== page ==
Origin of salient
Synonyms for salient
Antonyms for salient
Examples from the Web for salient
He is also known as El H, but of all his nicknames El Elegante is the most salient.
One salient example was Ilyas Kashmiri, one of the highest-ranking al Qaeda commanders.
When I sit down someday to write my memoirs and try to characterize this era, I will note three salient political features.
One salient moment in the book comes during a meeting with JPMorgan Chase CEO Jamie Dimon.Speed Read: The Juiciest Bits From Timothy Geithner’s New Memoir|William O’Connor|May 13, 2014|DAILY BEAST
Doubtless, Putin recalls these salient precedents on his own borders when he thinks about Crimea.
The salient consists mainly of a chalky plateau full of hollows, each with its village or little town.The Childrens' Story of the War, Volume 4 (of 10)|James Edward Parrott
Wherever there is a long pause there is always a salient change of pitch or some variation in the expression to justify it.Browning and the Dramatic Monologue|S. S. Curry
Unusual as this cruise is, it is the unusual and unexpected that have come out from it as its salient features.With the Battle Fleet|Franklin Matthews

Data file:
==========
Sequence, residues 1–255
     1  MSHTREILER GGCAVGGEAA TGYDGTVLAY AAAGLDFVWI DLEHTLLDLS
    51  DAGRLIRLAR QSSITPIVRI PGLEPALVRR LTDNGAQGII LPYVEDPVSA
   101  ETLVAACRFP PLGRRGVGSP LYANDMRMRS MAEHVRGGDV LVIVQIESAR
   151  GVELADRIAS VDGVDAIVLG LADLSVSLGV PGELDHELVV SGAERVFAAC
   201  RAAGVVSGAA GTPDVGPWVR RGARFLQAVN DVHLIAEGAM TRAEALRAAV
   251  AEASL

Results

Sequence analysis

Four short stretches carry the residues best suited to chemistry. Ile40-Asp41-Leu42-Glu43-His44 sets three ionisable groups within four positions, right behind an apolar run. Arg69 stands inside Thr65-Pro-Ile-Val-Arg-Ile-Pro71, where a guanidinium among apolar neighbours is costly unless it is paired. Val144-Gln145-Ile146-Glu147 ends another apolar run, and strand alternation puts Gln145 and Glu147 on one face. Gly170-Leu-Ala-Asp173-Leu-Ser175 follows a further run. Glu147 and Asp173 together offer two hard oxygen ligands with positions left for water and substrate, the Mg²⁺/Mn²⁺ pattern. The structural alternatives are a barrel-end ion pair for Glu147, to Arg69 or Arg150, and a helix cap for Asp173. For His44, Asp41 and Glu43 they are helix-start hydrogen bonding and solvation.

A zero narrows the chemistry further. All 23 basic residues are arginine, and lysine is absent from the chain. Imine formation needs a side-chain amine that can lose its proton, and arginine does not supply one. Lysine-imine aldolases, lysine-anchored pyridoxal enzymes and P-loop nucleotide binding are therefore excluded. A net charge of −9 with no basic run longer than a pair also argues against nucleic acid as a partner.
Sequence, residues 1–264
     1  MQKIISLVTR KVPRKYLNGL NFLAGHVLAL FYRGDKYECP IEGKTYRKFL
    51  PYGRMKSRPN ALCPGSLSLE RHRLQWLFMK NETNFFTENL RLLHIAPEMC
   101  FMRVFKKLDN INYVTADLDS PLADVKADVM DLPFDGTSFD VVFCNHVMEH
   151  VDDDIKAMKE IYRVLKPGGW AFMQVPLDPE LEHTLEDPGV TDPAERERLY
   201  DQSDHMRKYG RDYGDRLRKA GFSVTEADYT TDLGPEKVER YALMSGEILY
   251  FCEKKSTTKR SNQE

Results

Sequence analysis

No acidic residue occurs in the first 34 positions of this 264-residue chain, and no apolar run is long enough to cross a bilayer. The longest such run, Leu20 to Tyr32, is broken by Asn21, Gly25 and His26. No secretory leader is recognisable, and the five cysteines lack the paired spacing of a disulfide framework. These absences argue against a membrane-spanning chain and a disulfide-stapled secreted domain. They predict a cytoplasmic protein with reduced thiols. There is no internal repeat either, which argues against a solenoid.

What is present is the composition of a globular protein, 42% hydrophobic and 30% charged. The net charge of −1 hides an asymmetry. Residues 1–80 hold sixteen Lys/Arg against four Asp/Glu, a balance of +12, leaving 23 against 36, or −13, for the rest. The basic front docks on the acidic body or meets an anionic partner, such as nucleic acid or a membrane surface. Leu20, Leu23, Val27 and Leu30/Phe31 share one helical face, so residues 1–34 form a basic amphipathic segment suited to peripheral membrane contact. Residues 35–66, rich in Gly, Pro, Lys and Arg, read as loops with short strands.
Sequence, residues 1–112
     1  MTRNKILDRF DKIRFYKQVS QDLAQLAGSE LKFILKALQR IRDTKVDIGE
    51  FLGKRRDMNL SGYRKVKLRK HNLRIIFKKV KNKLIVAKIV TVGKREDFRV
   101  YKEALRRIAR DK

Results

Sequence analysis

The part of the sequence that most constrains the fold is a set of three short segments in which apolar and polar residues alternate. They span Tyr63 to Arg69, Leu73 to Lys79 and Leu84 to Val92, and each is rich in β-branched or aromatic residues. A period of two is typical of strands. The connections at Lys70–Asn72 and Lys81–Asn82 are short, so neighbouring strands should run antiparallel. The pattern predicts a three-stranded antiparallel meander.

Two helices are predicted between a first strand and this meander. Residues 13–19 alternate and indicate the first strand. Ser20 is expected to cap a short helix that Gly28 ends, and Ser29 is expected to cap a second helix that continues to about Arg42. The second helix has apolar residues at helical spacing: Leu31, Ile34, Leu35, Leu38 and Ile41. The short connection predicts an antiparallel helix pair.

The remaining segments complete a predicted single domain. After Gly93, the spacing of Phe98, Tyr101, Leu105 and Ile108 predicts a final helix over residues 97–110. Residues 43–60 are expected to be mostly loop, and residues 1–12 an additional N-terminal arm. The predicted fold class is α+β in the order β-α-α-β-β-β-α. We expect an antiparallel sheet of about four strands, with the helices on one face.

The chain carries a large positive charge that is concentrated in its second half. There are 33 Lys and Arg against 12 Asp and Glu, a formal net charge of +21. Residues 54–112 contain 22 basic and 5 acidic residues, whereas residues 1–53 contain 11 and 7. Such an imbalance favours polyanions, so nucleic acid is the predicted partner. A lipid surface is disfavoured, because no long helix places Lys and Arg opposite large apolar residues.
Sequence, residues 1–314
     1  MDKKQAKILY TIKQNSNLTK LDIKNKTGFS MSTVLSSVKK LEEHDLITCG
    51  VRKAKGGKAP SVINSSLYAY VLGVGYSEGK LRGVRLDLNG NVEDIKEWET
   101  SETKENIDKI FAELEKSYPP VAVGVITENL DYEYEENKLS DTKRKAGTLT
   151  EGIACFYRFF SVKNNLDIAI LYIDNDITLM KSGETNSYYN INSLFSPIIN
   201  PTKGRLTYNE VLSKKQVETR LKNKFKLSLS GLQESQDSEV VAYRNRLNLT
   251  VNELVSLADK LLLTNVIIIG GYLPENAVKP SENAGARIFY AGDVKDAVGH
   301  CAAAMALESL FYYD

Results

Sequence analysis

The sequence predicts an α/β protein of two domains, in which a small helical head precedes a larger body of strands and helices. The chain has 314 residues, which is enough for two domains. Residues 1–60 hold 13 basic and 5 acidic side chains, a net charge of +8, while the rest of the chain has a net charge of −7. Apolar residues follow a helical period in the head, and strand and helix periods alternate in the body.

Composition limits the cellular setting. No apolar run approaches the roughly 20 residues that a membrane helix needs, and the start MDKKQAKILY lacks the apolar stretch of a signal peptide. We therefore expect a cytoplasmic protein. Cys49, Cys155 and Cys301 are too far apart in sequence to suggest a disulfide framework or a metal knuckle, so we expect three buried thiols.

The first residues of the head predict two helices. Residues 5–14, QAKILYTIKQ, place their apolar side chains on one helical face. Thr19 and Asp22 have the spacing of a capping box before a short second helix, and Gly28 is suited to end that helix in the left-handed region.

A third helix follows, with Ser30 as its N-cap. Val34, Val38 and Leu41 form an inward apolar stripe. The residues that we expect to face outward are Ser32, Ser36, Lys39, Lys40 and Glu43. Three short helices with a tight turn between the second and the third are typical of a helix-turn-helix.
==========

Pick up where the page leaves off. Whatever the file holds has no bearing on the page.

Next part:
The supply-centre within the salient was Fre-en-Tardenois, and it was being raked by Allied guns from both sides of the salient.Our Army at the Front|Heywood Broun
I will but casually refer to two salient characteristics of the enormities of bygone times—to novels and to the theatre.Auld Lang Syne|Various
Word Origin for salient
1560s, "leaping," a heraldic term, from Latin salientem (nominative saliens), present participle of salire "to leap," from PIE root *sel- (4) "to jump" (cf. Greek hallesthai "to leap," Middle Irish saltraim "I trample," and probably Sanskrit ucchalati "rises quickly").
It was used in Middle English as an adjective meaning "leaping, skipping." The meaning "pointing outward" (preserved in military usage) is from 1680s; that of "prominent, striking" first recorded 1840, from salient point (1670s), which refers to the heart of an embryo, which seems to leap, and translates Latin punctum saliens, going back to Aristotle's writings. Hence, the "starting point" of anything.
1828, from salient (adj.).